Fish Nugget and Squarepants had a pretty intense conversation today about the physics of energy, impressive given Fish Nugget’s aversion to science as a child. They sometimes even stopped in the middle of the trail, so that Squarepants could draw pictures in the dirt to help Fish Nugget understand.
They discussed energy in relation to enlightenment and reincarnation, wondering if it exists, dwelling on the frequency of energy component, which frankly sounded fascinating. I made a mental note to google it when I had internet again.
We caught up with Ducky and camped at mile 1026, nine for us, 20 for her.
Ducky turned out to be an aeronautical engineer. She develops software for airplanes and took a 5-month sabbatical from work to hike the PCT. Amazed at the diversity of people who tackle the trail, I asked how she was able to arrange it with her employer.
She said she had been there many years, saved up vacation, worked hard and took advantage of a lull between projects that lined up perfectly. She also had logistical support from a boyfriend who could meet her to resupply along the way.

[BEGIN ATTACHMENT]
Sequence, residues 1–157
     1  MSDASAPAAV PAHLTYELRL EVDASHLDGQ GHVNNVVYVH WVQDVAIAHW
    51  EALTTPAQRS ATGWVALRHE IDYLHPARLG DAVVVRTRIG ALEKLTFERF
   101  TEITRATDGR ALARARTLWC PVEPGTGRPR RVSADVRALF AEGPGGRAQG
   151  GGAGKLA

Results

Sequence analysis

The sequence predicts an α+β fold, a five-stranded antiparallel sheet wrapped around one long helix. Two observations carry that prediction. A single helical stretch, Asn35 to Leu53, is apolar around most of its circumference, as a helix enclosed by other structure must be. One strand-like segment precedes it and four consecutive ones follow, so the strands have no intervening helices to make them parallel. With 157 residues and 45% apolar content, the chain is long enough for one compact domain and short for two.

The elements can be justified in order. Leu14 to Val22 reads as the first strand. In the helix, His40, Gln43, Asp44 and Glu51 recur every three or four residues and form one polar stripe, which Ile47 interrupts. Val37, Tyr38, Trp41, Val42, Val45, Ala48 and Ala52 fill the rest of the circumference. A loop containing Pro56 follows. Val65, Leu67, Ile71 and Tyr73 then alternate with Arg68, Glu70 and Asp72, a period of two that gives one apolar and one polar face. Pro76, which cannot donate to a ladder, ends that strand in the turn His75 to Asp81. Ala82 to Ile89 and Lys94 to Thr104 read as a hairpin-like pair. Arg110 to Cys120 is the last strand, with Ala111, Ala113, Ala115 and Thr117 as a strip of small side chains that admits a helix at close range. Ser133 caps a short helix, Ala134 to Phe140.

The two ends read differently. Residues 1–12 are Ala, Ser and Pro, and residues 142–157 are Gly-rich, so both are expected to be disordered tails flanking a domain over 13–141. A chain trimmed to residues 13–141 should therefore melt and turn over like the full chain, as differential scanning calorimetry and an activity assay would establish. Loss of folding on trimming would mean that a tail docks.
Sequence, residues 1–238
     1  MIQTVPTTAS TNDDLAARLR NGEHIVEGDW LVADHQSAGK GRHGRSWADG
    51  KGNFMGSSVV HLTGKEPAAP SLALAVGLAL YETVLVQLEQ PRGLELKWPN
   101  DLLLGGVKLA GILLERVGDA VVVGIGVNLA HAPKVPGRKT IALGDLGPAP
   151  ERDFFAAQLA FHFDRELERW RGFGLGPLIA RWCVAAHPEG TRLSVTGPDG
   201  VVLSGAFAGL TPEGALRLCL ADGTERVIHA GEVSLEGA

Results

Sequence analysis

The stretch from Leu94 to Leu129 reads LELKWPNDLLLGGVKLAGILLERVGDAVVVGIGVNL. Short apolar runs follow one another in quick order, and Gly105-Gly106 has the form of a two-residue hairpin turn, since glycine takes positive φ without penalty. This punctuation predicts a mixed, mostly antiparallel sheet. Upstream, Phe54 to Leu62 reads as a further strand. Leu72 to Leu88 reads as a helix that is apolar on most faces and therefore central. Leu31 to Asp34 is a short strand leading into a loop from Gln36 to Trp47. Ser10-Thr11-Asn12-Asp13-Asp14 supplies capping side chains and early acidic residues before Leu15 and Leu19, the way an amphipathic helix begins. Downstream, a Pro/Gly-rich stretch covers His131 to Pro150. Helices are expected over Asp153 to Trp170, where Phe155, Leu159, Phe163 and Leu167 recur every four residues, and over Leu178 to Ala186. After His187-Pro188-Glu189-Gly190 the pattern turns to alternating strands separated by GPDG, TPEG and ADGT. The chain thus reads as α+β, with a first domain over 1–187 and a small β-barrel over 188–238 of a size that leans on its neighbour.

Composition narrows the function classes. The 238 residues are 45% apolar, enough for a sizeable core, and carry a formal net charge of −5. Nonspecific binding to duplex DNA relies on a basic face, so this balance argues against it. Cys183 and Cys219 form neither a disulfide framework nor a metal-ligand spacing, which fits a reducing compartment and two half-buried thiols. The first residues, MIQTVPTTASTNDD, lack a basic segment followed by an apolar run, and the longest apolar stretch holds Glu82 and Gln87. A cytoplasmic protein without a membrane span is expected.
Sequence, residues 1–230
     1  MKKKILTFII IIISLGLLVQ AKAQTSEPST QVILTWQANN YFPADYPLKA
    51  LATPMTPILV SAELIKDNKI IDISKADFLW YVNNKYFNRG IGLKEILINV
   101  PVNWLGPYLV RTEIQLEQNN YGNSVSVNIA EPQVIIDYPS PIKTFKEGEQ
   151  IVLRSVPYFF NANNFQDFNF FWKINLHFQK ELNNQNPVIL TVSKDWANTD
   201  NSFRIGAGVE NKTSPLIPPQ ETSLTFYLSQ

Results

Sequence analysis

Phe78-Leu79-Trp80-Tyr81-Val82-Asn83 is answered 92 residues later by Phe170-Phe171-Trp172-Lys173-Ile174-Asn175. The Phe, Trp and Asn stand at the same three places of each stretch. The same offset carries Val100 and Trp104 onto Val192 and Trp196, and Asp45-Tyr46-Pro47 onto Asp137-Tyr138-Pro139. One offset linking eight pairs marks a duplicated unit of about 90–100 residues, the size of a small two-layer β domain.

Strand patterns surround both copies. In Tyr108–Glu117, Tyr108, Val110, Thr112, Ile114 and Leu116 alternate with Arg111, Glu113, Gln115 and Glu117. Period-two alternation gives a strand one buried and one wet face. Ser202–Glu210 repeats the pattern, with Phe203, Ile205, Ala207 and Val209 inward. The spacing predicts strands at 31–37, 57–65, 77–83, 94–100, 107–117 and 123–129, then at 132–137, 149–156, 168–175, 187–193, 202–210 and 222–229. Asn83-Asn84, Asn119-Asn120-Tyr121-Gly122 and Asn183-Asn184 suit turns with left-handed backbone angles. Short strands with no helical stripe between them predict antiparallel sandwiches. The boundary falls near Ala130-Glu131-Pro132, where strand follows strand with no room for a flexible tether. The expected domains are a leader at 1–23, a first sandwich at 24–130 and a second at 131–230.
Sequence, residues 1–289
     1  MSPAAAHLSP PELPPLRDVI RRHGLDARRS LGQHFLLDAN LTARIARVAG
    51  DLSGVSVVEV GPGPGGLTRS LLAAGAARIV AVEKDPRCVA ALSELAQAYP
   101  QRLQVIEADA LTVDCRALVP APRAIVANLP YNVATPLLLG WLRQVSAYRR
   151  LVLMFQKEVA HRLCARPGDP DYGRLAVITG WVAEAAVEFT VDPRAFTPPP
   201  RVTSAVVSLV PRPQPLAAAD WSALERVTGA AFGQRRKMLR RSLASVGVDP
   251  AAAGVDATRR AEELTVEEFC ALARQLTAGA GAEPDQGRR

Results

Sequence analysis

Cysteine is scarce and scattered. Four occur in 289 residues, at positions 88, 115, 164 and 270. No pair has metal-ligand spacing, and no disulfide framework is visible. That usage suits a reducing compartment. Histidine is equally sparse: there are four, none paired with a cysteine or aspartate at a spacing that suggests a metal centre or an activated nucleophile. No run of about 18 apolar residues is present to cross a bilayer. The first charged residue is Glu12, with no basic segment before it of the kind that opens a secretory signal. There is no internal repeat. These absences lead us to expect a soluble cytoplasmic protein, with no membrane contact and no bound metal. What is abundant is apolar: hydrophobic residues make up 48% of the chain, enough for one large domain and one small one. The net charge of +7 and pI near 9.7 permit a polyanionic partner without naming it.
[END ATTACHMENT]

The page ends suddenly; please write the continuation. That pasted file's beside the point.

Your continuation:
When asked about her trail name, she said she was named after the dinosaur in Land Before Time. At the beginning of the trail, she hiked with a guy and his girlfriend who wasn’t doing so well. She coached the girl onward with such a perky attitude, they started calling her Ducky.
We talked about tents. Ducky had a Big Agnes like the girls and loved it, except hers had the side entrance, which looked even better. She said the side entrance changes everything. Yeah, still nursing my tent envy.
Fish Nugget dove into her tent early to meditate, but I hung around outside for a while, listening to Squarepants and Ducky swap stories about all they’d been through since they last saw each other before Mammoth. I enjoyed hearing about their adventures.
As darkness fell, I said goodnight to them both and retired to my tent.
My pains were back with me, but so were my girls.